Now of course, not too many people would be excited about having the same kind of pay protocol instituted in private sector work environments. But, there’s something to be said for having pay transparency. If someone wanted to look up what a person was getting for the extra incentives, they can easily look it up. And when pay isn’t a factor, you’re more inclined to be distinguished by performance. However, the fact remains that the pay structure for most roles in its original conception was based on a man taking care of “his family”. But more importantly, white men taking care of their families. That’s the foundation upon which the structure was built. But, when the military desegregated and let women enlist, they eventually got the same entitlements. (Though many non-white people were denied their veteran benefits for a long time.) And yet…
Eliminate zero-sum beliefs that impede progress toward gender equity. All genders benefit from creating more equitable workplaces. – Katica Roy
Many, if not most, hetero-normative white men grew up in a world where there was a reasonable expectation that they would be able to marry a woman and raise their children and buy a house, etc. It was the American Dream and the marketing was so great that everybody wanted it. But operating from a zero sum paradigm, it naturally feels like competition is robbery. And from an ego perspective, I can imagine gender equality feeling like a threat to some men because there are still many who buy into the historic gender roles. And why wouldn’t they? For countless years we’ve all been taught these roles. And despite the fact that most of us now know that families come in all forms, there are still a tremendous amount of social biases that we all struggle with no matter how liberated we think we are.
Once, when I was still in the military, a woman asked me out on a dinner date. I said yes not really thinking of it as a date date, but more of two people eating at the same time; in the same place; and at the same table. But when I tried to split the check she suggested that since I was the man, I should pay. The way I saw it, if anything, she should pay since she asked me out. Besides, since she and I were the same rank and had the same pay, I figured splitting the check wasn’t that big a deal anyway. We were fast approaching the 21st century. Hadn’t we gotten past some of these obsolete ideas of what roles people play based on their gender? Well, apparently not since that was our first and only “date”. But why?
Did I do something wrong for thinking that she should equally pay her portion of the check? Clearly, I did. I violated the cultural norm. Now of course, she could have celebrated being treated the same as I would have treated a man who asked me if I wanted to have dinner together. But, instead she told people I was cheap. LOL. But here’s the question. Who was at fault here? Me for breaking cultural and gender norms or her for trying to conform to them? Or neither of us? Is there a right answer? Do you see what we’re dealing with here? If not, here is another example.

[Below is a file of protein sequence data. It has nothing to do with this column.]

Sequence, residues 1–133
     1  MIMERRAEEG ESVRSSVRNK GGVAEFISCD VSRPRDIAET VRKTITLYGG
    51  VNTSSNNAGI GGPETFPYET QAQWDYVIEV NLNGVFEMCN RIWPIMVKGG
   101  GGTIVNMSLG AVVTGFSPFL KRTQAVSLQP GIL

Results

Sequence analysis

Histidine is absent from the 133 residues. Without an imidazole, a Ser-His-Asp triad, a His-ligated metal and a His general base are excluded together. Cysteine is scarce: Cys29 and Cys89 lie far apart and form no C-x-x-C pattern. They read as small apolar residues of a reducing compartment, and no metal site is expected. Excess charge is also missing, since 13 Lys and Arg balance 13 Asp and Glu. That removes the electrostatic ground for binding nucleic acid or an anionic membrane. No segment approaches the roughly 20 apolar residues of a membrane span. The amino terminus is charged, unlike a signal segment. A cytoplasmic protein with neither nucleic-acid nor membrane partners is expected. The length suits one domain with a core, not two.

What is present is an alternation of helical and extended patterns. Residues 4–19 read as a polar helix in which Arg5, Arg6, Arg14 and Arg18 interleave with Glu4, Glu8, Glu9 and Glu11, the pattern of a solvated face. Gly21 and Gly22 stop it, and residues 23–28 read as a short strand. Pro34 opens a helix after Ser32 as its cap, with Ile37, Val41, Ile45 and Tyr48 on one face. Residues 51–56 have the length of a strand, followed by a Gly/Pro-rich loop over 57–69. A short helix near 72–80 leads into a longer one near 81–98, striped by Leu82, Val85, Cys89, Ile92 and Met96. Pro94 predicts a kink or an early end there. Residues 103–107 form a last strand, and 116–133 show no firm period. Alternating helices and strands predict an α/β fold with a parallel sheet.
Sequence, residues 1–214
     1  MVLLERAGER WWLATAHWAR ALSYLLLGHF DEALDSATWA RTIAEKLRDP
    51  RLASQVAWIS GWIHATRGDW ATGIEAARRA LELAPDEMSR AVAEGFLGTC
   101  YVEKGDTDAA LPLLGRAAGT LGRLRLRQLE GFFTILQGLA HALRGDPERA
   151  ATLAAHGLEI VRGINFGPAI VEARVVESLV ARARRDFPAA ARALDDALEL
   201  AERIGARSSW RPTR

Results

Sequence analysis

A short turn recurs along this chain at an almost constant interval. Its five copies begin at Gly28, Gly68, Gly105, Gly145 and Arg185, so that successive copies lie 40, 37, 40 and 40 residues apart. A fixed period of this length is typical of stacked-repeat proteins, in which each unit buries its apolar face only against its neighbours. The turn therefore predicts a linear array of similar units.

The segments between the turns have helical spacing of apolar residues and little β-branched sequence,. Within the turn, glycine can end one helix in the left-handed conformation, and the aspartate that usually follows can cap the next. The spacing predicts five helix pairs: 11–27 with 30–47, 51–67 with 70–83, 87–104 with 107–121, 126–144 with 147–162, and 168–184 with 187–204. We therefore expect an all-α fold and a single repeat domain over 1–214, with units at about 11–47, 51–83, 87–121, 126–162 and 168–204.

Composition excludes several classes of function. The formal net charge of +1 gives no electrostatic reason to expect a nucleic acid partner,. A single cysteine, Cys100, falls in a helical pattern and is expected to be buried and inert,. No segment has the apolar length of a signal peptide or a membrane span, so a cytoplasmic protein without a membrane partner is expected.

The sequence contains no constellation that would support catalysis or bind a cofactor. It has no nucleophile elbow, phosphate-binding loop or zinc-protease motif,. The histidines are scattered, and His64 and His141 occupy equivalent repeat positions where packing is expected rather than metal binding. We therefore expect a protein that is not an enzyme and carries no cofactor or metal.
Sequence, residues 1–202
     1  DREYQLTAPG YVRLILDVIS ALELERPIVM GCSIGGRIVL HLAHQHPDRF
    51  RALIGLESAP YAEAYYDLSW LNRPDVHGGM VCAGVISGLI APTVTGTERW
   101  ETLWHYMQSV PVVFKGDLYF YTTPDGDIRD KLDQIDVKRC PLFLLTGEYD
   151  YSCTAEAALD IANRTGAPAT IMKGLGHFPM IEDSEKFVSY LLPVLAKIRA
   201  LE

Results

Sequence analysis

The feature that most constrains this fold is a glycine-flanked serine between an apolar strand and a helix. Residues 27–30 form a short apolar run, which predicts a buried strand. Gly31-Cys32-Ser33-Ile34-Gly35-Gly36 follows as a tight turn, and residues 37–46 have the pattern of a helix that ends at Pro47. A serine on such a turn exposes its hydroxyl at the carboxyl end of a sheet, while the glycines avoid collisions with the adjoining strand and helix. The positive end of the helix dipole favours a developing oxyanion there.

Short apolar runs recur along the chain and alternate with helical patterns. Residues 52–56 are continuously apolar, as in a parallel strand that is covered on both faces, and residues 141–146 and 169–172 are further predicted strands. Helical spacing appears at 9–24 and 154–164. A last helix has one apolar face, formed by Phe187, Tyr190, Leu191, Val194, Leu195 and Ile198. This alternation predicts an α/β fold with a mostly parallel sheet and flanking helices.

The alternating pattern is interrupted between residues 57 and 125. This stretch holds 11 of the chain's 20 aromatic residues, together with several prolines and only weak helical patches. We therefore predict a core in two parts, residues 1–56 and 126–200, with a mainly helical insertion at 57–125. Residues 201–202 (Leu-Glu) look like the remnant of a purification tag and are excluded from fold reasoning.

Over the years, I have done an unofficial poll where I asked several women friends of mine who were single at the time of my asking if they would be in a relationship with a man who made considerably less than them and had no interest in making more money and was also content to let them be the primary source of income for the family. In nearly every instance, there was either a flat out rejection of that consideration, a hesitancy on their part, or a need for a number of considerations and justifications for why the man wasn’t trying to make more money and provide for the family. Many said that they knew that they shouldn’t care. But, they admitted to feeling weird about the idea that they would be in a better financial situation than their male partner.
And I can tell you personally, that after I got out of the military, I went through a period where I wasn’t sure how I was going to make the leap into a different career path and took on jobs that paid less but gave me the mental space to pivot. But, even though I made enough to pay my bills, my relationship suffered because my wife at the time made more money than I did. And, despite knowing my character, when I became single again, my female friends told me that they could see why a woman wouldn’t want to be in a relationship with someone who made as little as I did in that season and was unclear on my next move. It also didn’t help that I was also turning down job offers from companies who wanted to hire me simply because of my top secret security clearance. From their perspective, as a man, I should have been trying to make as much money as possible to provide for my non-existent family.